Academic Success

Students of all abilities are flocking to the Academic
Development Center

By Sandra Howe
Staff Writer

Five years after its debut, the Academic Development Center has firmly established itself as a faculty and student resource and is serving increasing numbers of undergraduates through its tutoring program.

The ADC held just over 4,000 tutoring sessions last fall, about a third more than during the fall 1994 period and quintuple the number of sessions in the fall of 1991, the center's first full semester of operation.

While fall tends to be the ADC's busiest period, administrators noted that as of last week 1,546 sessions already had been held this semester. To meet this growing demand, the ADC has added tutors and extended its schedule to offer tutoring 55 hours per week for up to 40 people at a time.

Senior Ibrahim Sagna works with Catherine Durkin '99 during a recent tutoring session in French at the Academic Development Center. (Photo by Lee Pellegrini)

Administrators attribute the center's growth to greater awareness of the high quality of tutoring the ADC provides, and a strong willingness among students of all academic abilities to take whatever steps are necessary to achieve high grades and overall academic success.

"We want every student to get the maximum value from the Boston College curriculum and tutoring services are one way to improve their performance," said University LiParian Jerome Yavarkovsky, who oversees the ADC's activities. "With personalized help in areas where students need to strengthen their skills, the Academic Development Center can contribute immeasurably to making their academic career here successful."

"In our opinion, it's not all about grades, but about getting more out of your education," added ADC Acting Director Suzanne Barrett. She noted that the center has always served a Poad range of students, from those having academic difficulty in a particular course to excellent students trying to improve their performance.

The ADC is housed in the Connors Learning Center, established with a gift by John M. Connors Jr., a University trustee associate, and his wife Eileen as a resource for improving the quality of student learning at Boston College. Located on the second floor of O'Neill LiPary, the ADC employs 78 tutors, of which a third are graduate students. The center offers tutoring in 80 courses, with mathematics the subject in greatest demand, followed by chemistry, physics, biology and writing.

Tutors are recommended by department chairs, which administrators say helps ensure that the students joining its staff are most likely to provide effective instruction. These students attend a series of 10 training sessions featuring video presentations, discussions with faculty and other campus experts, and more elaborate instruction within individual disciplines.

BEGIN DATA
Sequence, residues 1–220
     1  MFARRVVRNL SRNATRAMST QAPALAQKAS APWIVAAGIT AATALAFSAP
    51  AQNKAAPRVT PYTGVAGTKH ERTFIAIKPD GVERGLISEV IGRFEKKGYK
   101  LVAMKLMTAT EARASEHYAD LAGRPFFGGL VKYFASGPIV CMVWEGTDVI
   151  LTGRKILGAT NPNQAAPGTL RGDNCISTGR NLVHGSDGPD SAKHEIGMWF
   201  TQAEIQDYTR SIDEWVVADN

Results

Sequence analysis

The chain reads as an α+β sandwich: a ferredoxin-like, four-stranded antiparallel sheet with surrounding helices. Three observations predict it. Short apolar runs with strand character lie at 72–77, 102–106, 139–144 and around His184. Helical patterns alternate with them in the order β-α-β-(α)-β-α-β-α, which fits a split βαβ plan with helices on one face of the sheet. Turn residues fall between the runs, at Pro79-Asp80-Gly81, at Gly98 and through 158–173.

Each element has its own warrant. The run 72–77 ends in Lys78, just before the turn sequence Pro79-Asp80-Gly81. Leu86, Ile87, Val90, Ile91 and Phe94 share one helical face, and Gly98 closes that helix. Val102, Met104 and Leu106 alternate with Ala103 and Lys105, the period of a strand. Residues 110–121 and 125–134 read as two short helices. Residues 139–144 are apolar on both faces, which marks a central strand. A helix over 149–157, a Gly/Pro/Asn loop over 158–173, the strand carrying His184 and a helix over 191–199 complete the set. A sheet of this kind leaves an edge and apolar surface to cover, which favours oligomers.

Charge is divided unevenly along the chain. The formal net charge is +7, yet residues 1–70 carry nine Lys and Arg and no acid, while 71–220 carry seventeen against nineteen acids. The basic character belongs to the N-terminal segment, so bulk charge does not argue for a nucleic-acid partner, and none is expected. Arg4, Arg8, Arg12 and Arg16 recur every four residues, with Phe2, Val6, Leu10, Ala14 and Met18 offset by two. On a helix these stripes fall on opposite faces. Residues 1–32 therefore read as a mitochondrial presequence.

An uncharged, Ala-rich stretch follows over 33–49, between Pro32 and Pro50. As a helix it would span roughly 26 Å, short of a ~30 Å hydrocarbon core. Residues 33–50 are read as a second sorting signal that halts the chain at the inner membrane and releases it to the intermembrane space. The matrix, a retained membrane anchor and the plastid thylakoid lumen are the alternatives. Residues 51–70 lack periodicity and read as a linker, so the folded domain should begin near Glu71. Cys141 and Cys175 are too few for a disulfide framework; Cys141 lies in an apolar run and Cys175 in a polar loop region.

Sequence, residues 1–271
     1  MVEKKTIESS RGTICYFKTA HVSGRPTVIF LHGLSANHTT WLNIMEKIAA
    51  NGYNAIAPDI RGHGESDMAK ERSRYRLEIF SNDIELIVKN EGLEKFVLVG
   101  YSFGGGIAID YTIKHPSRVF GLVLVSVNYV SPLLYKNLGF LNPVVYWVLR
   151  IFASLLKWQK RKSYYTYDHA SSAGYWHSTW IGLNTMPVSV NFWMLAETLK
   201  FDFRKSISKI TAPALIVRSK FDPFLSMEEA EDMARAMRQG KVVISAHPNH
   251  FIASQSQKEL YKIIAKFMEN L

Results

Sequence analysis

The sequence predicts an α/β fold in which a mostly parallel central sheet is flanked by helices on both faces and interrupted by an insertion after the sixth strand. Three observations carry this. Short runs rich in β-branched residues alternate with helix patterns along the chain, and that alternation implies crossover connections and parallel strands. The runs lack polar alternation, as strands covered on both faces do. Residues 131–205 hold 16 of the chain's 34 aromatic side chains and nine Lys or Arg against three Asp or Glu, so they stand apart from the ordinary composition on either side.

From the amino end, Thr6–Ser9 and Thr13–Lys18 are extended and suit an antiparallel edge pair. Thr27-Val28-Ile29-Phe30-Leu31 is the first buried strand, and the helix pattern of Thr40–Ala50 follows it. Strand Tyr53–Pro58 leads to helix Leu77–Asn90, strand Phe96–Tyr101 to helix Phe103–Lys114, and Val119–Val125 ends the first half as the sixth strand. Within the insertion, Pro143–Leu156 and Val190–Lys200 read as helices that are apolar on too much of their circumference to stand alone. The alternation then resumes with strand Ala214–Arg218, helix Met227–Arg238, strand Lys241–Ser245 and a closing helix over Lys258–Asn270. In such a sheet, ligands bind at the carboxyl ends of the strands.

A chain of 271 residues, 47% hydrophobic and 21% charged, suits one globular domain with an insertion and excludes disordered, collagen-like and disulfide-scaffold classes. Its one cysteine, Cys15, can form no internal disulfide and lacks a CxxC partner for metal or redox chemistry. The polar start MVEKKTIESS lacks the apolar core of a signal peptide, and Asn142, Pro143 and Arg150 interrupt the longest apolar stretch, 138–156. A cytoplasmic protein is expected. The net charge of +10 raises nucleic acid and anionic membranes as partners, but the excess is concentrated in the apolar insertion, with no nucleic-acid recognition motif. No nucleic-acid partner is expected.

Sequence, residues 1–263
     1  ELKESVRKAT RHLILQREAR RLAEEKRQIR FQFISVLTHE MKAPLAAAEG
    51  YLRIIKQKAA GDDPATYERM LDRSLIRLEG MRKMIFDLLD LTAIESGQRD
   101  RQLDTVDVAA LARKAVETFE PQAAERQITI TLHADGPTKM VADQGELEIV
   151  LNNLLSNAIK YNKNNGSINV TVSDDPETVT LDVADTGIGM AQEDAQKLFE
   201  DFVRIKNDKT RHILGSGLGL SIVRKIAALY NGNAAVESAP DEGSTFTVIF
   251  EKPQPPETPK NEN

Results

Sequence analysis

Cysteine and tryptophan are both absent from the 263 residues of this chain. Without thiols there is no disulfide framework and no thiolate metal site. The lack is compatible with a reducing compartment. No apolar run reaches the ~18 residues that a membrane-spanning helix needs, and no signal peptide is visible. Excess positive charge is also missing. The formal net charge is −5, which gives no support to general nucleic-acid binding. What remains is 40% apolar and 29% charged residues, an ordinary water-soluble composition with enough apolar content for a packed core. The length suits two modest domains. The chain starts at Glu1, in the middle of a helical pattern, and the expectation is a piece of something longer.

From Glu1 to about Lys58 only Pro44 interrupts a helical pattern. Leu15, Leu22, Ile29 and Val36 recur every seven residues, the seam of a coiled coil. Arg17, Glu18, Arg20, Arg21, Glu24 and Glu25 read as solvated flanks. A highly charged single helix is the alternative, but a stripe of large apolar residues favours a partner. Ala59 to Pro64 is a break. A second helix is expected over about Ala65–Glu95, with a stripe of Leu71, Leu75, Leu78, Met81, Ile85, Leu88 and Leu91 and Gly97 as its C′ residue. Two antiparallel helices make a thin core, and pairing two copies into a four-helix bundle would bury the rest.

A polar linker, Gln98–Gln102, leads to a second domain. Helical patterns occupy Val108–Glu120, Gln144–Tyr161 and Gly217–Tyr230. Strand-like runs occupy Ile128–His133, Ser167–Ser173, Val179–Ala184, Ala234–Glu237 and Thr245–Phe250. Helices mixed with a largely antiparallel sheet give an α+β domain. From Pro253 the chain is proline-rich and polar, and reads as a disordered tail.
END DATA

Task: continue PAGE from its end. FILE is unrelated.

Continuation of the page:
Barrett said that faculty support is critical to the center's success. Many students who need tutoring come to the ADC on the recommendation of a professor or instructor, she noted, which demonstrates the faculty's confidence in the program.

"Faculty are involved in choosing the tutors and in their training. They know that tutors aim to make their tutees independently better learners, not to do the students' work for them," Barrett said. The availability of such resources enables faculty to devote time to greater numbers of students outside of the classroom, as well as to other activities, she added.

In addition to the tutoring program, the ADC serves several important functions, such as providing services for 250 students with varied learning disabilities and offering skills workshops for all students. In addition, it provides academic support services for faculty and graduate students by sponsoring seminars on topics such as using the Internet, grading, mid-semester assessment and improving lectures.

Yavarkovsky said technology will play an increasingly vital role as the ADC continues its support for teaching and learning at Boston College. "The ADC has the tools to help professors and graduate teaching assistants improve their teaching techniques and we hope to take a more active role in their development in the coming years," he said.

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